says, "It's a pain to know that countries and companies alike are blocking and censoring sites like Boing Boing. I face this at my office everyday. I've mentioned two ways on my site by which you can bypass these proxies and filters safely and securely without breaking any rules or arousing the network admin's suspicions." Link


  • If possible, ask your system administrator to whitelist BoingBoing.net. Sometimes network admins leave all the defaults on when they install enterprise filtering software. If they're using SmartFilter, for example, the admin can selectively allow the BoingBoing.net domain, while keeping the rest of the entries for the "blocked" category in which BoingBoing is listed. Bribing your sysadmin with cartons of Skittles and Red Bull may expedite this option. (Thanks, mcsey!)

If you know of any good ways to defeat censorware, please send us your suggestion.

Friday, February 24, 2006

Web Analytics & more Web 2.0 logos

Did you think that WebTrends and HBX didn't really have any competition because of their domination of web analytics services over the years? I did.

Until, because of a new found interest in web analytics, I did a little reading up and was amazed at the sheer number of choices available out there right now.

ConversionRater's guide makes good reading on the subject, but unfortunately is a little too brief for my liking. But take a look at the article anyway, it'll give you an overview of what's available out there.

One analytics solution that completely fascinated me was the one from VisitorVille. I mean really, its a visual treat to watch your site traffic in 3D, with little buses and people traveling to various sections on your site.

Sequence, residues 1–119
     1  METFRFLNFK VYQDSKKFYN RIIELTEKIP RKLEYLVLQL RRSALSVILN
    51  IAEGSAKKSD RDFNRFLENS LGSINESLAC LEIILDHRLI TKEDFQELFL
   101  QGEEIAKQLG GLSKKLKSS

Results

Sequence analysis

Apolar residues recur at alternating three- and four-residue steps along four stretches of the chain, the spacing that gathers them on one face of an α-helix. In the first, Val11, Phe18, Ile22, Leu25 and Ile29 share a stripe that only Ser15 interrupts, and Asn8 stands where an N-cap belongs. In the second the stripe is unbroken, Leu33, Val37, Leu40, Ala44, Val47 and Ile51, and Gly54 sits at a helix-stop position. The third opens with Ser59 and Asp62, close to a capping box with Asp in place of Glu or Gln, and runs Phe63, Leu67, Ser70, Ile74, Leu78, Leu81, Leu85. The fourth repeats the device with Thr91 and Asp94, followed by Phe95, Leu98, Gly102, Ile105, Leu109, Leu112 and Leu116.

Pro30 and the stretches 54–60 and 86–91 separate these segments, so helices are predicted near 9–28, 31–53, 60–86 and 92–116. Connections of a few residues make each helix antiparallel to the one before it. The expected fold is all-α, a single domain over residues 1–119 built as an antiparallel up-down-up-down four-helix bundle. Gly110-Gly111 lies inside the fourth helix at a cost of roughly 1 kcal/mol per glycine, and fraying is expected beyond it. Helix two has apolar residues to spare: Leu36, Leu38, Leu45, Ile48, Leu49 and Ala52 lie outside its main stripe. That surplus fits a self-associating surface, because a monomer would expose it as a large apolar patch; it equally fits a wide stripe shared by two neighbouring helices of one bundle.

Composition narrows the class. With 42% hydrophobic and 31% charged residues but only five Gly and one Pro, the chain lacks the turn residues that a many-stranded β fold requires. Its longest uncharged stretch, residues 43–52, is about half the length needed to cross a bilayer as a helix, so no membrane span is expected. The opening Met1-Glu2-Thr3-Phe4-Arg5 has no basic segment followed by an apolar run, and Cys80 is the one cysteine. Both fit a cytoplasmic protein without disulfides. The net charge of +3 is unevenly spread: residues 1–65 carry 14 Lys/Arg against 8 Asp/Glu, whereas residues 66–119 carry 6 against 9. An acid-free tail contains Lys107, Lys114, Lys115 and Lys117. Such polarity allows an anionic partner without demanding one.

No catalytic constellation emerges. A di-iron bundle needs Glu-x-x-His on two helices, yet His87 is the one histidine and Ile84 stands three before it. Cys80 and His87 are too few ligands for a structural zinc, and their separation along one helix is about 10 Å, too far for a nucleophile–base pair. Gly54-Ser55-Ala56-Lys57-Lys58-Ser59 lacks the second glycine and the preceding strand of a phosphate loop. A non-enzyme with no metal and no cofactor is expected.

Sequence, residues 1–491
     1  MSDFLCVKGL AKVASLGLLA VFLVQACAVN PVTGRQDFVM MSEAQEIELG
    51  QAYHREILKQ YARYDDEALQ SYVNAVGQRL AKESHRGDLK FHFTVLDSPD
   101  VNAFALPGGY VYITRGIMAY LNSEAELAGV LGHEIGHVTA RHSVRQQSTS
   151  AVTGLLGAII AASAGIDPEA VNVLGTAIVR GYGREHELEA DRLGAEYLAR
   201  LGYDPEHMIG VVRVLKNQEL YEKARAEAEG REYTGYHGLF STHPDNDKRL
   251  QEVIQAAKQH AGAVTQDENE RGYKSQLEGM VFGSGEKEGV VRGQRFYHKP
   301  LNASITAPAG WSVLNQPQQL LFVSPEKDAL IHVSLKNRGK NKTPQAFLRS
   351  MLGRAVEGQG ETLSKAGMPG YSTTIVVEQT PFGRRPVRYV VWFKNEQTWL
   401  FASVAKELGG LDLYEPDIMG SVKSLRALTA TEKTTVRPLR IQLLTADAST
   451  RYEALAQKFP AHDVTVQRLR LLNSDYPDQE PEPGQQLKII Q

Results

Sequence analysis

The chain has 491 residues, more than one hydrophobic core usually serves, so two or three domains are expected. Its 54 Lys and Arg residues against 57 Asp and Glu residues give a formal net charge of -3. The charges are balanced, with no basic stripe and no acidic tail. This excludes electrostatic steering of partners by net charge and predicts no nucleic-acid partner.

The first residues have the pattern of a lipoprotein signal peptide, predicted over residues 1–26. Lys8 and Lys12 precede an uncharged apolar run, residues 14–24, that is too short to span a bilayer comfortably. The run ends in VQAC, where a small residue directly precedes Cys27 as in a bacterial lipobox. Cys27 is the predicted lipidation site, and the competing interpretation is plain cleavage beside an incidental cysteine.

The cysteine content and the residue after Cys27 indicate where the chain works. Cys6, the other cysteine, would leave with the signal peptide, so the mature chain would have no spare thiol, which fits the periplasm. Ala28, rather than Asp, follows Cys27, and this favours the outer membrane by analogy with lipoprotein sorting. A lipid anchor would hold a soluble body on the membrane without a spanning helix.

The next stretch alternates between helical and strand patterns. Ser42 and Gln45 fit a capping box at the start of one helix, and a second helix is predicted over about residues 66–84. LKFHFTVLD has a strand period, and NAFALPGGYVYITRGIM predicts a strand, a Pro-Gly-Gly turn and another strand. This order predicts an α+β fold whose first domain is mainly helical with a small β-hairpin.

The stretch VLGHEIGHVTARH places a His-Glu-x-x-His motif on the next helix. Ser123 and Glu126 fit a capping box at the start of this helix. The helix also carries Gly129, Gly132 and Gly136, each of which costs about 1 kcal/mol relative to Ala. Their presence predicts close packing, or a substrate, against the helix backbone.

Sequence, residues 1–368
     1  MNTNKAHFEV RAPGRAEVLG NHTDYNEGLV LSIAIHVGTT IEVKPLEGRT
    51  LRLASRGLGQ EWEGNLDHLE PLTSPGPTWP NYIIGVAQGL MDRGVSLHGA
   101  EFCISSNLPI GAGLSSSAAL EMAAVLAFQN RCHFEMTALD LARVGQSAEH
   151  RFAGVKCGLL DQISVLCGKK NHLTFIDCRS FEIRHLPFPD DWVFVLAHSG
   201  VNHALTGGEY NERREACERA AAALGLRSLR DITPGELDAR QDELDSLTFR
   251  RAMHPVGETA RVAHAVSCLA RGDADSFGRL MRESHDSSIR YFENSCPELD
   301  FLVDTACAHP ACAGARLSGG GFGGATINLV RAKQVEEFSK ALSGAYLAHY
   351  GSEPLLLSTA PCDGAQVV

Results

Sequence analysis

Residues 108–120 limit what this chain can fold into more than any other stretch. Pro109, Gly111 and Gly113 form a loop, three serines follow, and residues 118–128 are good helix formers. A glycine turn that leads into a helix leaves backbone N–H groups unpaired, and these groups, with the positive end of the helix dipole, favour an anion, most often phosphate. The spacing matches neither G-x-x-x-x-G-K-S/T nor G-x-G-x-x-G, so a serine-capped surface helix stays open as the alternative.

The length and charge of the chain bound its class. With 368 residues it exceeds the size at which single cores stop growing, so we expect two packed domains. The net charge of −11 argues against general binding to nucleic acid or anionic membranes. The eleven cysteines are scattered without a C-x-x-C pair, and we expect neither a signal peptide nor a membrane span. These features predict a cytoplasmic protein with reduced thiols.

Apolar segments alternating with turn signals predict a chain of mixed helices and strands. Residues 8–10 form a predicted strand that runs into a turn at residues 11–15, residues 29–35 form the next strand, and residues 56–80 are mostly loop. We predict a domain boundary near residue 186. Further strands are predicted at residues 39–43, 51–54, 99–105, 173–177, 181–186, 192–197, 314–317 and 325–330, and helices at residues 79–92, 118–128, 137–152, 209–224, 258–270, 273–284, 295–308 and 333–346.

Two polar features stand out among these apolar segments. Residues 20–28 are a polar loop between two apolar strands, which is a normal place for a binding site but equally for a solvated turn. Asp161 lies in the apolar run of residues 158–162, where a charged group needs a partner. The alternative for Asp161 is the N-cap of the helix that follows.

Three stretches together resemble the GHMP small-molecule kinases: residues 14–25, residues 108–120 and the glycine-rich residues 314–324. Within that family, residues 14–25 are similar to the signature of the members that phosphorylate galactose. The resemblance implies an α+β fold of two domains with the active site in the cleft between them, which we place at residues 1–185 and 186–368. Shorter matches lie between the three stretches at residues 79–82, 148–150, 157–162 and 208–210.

Take a look at some of the screenshots here:

Amazing, isn't it? A tad useless, maybe, but quite the thing to show off to your manager while trying to convince him/her to purchase their services. :)

There's a wealth of information on the new guys on the block, and while they all have their own quirks and issues, its good to see the competition hotting up with Google in the fray as well. I've signed up for Google Analytics, but they don't seem to regard puny blogs as worthy for the beta program :-P

While there are a lot of cool free analytics tools out there, a note of caution: Most web analytics tools give you the statistics you'd usually want to see, but only highly customized (and costly) analytics tools will give you detailed stats, IP address-to-company matching and a whole lot of statistic views created specifically for your organization. Also, if you have a really popular website, then going for a log-file based solution takes some serious computing power - someone in the business recently told me that WebTrends can take upto 8 hours to spew out results of a single query on a large database!